A few years ago, while on a work-related trip in Southeastern Asia, I met with a man who represented the Vietnam-U.S. Friendship Association. We sat and talked for awhile, and he shared with me what was happening in his country. He told me that the Vietnam War (known there as the American War) no longer mattered. Aside from the fact that more than half of the country’s population was born long after the war was over, the Vietnamese people, he told me, were looking ahead. “The past is past,” he said. “We live today and dream of the future.” (more…)
I need some help.
Elections are about three weeks away, and I haven’t decided whether or not I should vote. I just moved to this area a few months ago and I don’t know much about local politics, but I am familiar with the U.S. congressman from this area, and I’m not impressed with him. (more…)
From Ezekiel 16:49-50 (NRSV)
“This was the guilt of your sister Sodom: she and her daughters had pride, excess of food, and prosperous ease, but did not aid the poor and needy. They were haughty, and did abominable things before me; therefore I removed them when I saw it” (emphasis added).
This past week, the executive board of Mennonite Church USA gave its approval for a $9.8 million building campaign. The new building, which will be built on the grounds of Associated Mennonite Biblical Seminary, will house both the offices of MCUSA and Mennonite Mission Network. MMN had approved the proposal back in July, but the board of MCUSA held back, wanting more information. You can read the full news release here.
I personally know (and respect) two of the members of the MCUSA board, so I need to tread somewhat carefully here, but I’m still not convinced that a new building worth $6 million (the rest will cover operating costs) is the best way to go. (more…)
“The Kingdom of God breeds prophets; the Church breeds priests and theologians. The Church runs to tradition and dogma; the Kingdom of God rejoices in forecasts and boundless horizons. The men who have contributed the most fruitful impulses to Christian thought have been men of prophetic vision, and their theology has proved most effective for future times where it has been most concerned with past history, with present social problems, and with the future of human society. The Kingdom of God is to theology what outdoor colour and light are to art. It is impossible to estimate what inspirational impulses have been lost to theology and to the Church, because it did not develop the doctrine of the Kingdom of God and see the world and its redemption from that point of view.”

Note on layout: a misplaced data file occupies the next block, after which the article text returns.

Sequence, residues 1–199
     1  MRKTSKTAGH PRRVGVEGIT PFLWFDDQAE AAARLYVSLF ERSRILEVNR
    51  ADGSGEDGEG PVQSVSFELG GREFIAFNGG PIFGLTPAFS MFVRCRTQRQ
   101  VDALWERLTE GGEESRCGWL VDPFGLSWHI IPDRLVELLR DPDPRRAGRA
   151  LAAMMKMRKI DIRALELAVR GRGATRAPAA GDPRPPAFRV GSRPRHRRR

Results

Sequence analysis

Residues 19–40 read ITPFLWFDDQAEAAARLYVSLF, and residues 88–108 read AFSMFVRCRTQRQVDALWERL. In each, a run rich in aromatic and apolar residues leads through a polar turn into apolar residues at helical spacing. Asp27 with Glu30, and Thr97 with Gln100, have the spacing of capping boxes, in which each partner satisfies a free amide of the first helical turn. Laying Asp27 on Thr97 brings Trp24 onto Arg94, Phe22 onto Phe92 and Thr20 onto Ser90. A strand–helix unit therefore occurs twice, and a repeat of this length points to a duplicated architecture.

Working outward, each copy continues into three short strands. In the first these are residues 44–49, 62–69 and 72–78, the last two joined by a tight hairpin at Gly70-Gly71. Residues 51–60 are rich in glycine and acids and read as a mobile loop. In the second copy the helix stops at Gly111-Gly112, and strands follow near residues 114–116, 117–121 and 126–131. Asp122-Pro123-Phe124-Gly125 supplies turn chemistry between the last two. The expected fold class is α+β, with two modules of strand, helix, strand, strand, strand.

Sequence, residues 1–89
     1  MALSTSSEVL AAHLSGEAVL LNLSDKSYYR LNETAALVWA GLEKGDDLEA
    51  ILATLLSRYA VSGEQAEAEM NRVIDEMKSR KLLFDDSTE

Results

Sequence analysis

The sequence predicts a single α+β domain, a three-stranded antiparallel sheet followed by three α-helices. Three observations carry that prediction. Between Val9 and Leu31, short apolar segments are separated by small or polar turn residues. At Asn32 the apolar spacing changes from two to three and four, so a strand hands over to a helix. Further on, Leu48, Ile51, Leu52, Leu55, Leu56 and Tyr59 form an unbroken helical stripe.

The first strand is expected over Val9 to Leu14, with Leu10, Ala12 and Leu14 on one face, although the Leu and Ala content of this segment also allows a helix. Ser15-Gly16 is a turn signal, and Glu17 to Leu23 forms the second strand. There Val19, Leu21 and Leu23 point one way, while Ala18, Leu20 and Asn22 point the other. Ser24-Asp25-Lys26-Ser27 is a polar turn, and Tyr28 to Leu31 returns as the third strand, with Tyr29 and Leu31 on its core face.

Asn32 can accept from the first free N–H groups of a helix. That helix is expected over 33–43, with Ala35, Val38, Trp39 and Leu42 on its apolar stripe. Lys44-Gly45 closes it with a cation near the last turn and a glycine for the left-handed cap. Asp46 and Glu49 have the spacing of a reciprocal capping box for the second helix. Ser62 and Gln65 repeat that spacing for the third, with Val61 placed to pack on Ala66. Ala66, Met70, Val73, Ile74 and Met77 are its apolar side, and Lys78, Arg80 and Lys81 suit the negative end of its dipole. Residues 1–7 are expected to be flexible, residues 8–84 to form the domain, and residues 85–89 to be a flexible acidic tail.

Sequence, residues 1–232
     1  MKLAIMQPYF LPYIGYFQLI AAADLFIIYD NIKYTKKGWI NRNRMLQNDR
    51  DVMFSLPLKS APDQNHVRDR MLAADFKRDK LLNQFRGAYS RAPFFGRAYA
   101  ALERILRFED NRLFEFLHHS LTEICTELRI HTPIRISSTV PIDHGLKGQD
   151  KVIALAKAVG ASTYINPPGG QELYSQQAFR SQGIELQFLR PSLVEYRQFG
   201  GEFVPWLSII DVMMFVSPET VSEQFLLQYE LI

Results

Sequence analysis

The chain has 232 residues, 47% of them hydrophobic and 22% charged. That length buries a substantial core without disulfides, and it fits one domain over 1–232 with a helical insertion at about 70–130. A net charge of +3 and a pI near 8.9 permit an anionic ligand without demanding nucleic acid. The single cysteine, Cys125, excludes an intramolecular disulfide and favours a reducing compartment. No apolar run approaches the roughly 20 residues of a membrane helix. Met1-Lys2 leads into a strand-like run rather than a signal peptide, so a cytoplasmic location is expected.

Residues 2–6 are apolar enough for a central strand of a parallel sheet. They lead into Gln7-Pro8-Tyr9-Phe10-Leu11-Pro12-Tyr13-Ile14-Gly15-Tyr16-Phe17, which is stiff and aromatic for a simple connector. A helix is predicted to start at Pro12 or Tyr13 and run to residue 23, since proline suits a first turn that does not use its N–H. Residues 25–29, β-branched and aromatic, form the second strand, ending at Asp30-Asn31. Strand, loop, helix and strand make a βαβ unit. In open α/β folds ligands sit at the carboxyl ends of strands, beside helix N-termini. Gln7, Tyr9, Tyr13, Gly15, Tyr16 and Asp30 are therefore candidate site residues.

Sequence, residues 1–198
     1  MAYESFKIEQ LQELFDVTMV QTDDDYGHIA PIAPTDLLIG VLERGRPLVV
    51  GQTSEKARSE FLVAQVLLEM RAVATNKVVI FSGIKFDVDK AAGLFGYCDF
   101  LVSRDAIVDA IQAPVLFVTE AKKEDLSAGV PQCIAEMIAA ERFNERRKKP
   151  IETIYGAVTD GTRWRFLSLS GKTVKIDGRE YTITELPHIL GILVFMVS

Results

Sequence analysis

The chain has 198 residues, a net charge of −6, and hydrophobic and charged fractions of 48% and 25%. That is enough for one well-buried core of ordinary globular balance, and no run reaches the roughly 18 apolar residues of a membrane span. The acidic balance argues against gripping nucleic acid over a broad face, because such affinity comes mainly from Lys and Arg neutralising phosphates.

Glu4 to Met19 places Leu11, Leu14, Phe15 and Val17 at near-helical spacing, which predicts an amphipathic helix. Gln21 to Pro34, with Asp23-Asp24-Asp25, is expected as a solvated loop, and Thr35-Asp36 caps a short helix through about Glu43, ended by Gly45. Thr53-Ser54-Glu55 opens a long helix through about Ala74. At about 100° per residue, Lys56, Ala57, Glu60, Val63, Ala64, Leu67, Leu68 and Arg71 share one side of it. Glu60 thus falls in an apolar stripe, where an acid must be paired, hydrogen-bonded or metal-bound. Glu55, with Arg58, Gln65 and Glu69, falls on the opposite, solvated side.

Walter Rauschenbusch, A Theology for the Social Gospel, 1917.
Today I had the chance to hear Gene Sharp speak at the John Howard Yoder Dialogues on Religion, Nonviolence and Peace at the University of Notre Dame. I was not familiar with Sharp’s work prior to this event, although his most famous book is The Politics of Nonviolent Action. Sharp’s talk, entitled “Principled Non-violence: Options for Action,” was interesting on many levels and, I think, quite pertinent for us YARs. (more…)
A few days ago, I was asked what I dream of for the church. It came just after an unrelated discussion about this event. The truth is, I couldn’t answer that question at the moment. I’m still stewing over it; it involves something along the lines of a place where we can share our joys as well as our brokenness. I want church to be a place not that caters to individual whims but which draws in all followers of Christ and transforms us one by one. I want it to be a place that always leaves me slightly discomforted. I want the church to be a place that deals more in the spheres of grace than of legalism.
I’m not attending the gathering at Hesston College, but I do like their questions on the web site, so I’m going to steal a few, and toss them at you all. How would you re-imagine the church? What do we really care about, and how can we make that happen? Of what do you dream?
One of my old professors teaches a course on international development in which he instructs his students in each of the three theories of development (read: why people are poor and what they need to be not poor). At some point during the semester, he requires his students to decide which theory of development they like best, and use the Bible to back up their position.
We read the Bible through cultural lenses. This explains, to some extent, why there are Christians who swear by free trade, others who’ve literally written the book on liberation theology, and still others who insist that Jesus was a warrior despite that whole bit about loving one’s enemies and turning the other cheek. It is in that spirit that we bring you the Bible verse of the day, which may or may not end up being regular feature. We hope you’ll enjoy it, and remember that if the Bible were to be made into a movie, it would probably be rated NC-17.
A gem from Proverbs 31, for all of you who’ve given up on being (or finding) a “Proverbs 31 woman”:
“Give beer to those who are perishing, wine to those who are in anguish; let them drink and forget their poverty and remember their misery no more.”